A client I support recently asked me, “What are the biggest things you have to do to manage your mental health? What are the main rules?”
Part of me was flattered that they deemed me responsible enough to be asked the question. The other half of me was simply dumb-struck; I’m 47 years old and have only just got a handle on my own mental health — I’m really probably the last person you should ask.
However, that was why they had; because I’d had a similar journey to them. They’d received lots of well-meaning advice from mental health professionals, but they’d found it all dry, unhelpful. It may have been dispensed out of a genuine desire to help, but it came from people who’d never found themselves trapped on a psychiatric ward, desperately searching for their errant sanity.
I had, and so my client thought I might be able to offer some more meaningful advice.
So, Christopher, I thought to myself — what are the rules?
Well, there are some universal fundamentals.
“When I first started working in mental health, I had a day’s training with a psychiatric nurse,” I told the client. “They said if you find yourself lost, unsure of how to help someone, fall back on the ‘List of 6.”
Although simple, this list has come to my rescue many, many times. And it’s this:
2. Food & Water.
5. Fresh Air.
It’s a simple list, but it’s a magical one.
When you work in the field of mental health, things can escalate very, very quickly. If you’re not careful, you can find yourself helplessly adrift in the eye of a storm. Often one where people are either trying to harm you or themselves. However, it’s amazing how often one of those 6 things can be employed to defuse that situation, and bring temporary peace to the person suffering. A peace that you, as the support worker, can build on.
For example, just take number 6: Talk. It’s astonishing how people respond the moment they feel heard. I’d employed the tactic of “Taking the time to sit down and have a chat with a client” many, many more times than I’d had to employ my restraint training. Really, knowing how to immobilize a client is important, but knowing how to make a decent cup of tea and listen will be of more use to you.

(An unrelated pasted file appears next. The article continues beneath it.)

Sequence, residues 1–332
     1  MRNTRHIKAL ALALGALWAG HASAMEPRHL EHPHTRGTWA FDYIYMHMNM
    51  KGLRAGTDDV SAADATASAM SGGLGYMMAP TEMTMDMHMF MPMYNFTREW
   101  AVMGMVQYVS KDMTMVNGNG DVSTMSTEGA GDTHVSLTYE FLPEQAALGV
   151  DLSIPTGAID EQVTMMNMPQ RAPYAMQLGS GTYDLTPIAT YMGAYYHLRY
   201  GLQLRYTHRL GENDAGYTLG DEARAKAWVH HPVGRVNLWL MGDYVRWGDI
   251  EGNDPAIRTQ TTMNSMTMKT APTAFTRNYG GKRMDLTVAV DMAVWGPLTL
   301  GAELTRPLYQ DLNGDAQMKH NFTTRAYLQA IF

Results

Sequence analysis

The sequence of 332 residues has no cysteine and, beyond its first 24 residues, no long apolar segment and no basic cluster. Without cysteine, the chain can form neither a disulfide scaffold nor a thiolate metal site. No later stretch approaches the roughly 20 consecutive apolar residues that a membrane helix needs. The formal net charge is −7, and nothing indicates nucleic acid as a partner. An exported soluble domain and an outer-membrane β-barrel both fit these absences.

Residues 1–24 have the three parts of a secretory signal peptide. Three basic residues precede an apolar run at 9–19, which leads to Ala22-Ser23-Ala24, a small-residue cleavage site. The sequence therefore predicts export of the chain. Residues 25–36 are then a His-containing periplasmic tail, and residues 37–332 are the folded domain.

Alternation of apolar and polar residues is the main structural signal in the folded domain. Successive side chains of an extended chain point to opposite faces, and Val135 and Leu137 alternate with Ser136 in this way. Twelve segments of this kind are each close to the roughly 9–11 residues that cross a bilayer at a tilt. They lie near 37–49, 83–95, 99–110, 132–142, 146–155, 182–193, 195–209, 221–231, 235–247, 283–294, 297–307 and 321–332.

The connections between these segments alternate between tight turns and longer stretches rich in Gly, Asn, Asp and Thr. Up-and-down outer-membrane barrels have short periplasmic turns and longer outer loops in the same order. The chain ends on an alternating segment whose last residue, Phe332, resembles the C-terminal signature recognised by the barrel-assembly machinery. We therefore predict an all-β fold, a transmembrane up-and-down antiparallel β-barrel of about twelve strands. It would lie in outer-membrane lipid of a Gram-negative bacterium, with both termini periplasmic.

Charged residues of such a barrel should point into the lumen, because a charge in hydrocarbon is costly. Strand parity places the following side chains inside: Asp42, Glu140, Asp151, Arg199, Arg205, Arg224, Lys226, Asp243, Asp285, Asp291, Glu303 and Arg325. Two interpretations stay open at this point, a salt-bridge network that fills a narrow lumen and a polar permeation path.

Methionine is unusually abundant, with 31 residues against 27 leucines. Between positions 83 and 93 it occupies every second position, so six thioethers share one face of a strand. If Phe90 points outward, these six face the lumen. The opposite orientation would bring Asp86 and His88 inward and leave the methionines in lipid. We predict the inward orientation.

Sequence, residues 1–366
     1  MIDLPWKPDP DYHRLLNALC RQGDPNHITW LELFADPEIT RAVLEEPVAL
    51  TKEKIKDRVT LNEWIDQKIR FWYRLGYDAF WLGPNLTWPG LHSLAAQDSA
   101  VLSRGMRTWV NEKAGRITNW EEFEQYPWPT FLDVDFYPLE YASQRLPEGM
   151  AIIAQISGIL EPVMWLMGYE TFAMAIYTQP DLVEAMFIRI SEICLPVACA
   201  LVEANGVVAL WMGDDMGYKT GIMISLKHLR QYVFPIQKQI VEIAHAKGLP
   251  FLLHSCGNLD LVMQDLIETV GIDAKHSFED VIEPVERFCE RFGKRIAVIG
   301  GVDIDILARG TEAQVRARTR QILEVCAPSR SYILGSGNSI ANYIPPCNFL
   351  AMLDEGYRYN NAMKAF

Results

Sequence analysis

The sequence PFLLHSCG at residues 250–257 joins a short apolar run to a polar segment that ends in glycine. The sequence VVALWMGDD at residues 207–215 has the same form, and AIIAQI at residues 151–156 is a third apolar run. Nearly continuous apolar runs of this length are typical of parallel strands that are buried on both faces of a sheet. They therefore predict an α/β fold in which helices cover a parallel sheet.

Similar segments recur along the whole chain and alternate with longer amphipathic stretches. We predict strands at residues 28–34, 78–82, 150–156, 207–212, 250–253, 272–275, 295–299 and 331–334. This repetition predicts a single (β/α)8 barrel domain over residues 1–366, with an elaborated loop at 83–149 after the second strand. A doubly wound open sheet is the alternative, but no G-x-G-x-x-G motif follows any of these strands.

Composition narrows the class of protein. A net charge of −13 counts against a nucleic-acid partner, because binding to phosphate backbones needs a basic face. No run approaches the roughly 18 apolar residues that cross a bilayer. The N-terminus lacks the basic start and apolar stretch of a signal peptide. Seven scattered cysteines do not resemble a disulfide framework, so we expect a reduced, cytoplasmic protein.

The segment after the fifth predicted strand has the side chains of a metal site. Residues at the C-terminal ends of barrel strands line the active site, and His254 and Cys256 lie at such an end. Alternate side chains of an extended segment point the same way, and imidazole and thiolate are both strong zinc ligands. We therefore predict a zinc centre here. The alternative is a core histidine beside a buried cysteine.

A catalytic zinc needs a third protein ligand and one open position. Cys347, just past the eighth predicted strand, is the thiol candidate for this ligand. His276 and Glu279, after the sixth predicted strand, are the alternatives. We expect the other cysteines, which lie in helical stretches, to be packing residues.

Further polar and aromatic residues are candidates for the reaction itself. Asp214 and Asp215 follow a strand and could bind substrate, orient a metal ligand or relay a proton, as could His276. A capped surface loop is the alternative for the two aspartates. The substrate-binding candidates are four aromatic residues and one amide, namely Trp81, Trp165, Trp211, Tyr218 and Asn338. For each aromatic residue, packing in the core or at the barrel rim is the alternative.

“It’s important to try and do all 6 every day, as part of your normal routine,” I explained to my client. “But, if you’re struggling, it’s even more so.”
I could tell my client was disappointed. They’d obviously wanted so much more than my pathetic list. However, I didn’t believe the list was trivial. In fact, for all the major changes I’ve made to my life over the past two years, the main reason why things had got better was that I had focused on those six things.
And I explained why.
To begin with, I was sleeping more efficiently. Gone were my days of grabbing a few hours one night, then twelve hours the next. It had taken me time, and a huge amount of effort, but I now got my eight hours every night. If I was more alert during the day, more able to tackle the issues that arose every day, it was because I practised good sleep hygiene.
In terms of food, I didn’t just eat more healthily, I ate more regularly. There was no longer that debilitating blood/sugar battle raging inside of me. It may sound so simple it almost doesn’t need saying, but if you’re ever feeling lethargic, it might not be a sign that your depression is getting ready to engulf you — it’s more likely to be your body telling you it needs fuel.
Same with hydration. Just sipping water throughout the day has a magical effect on your physiology. Need to sharpen your concentration? Take on more H2O.
As for appearance? This isn’t about vanity — it’s about self-respect, but also about doing something small that could motivate you to do other things. If you can find the energy to shower, brush your teeth, and put some clean clothes on, you might find the inclination to do something else. From small acorns, mighty oak trees grow: I’ve lost count of the number of times I’ve found the capacity to begin writing an article or tidy my apartment by prefacing that with washing and dressing.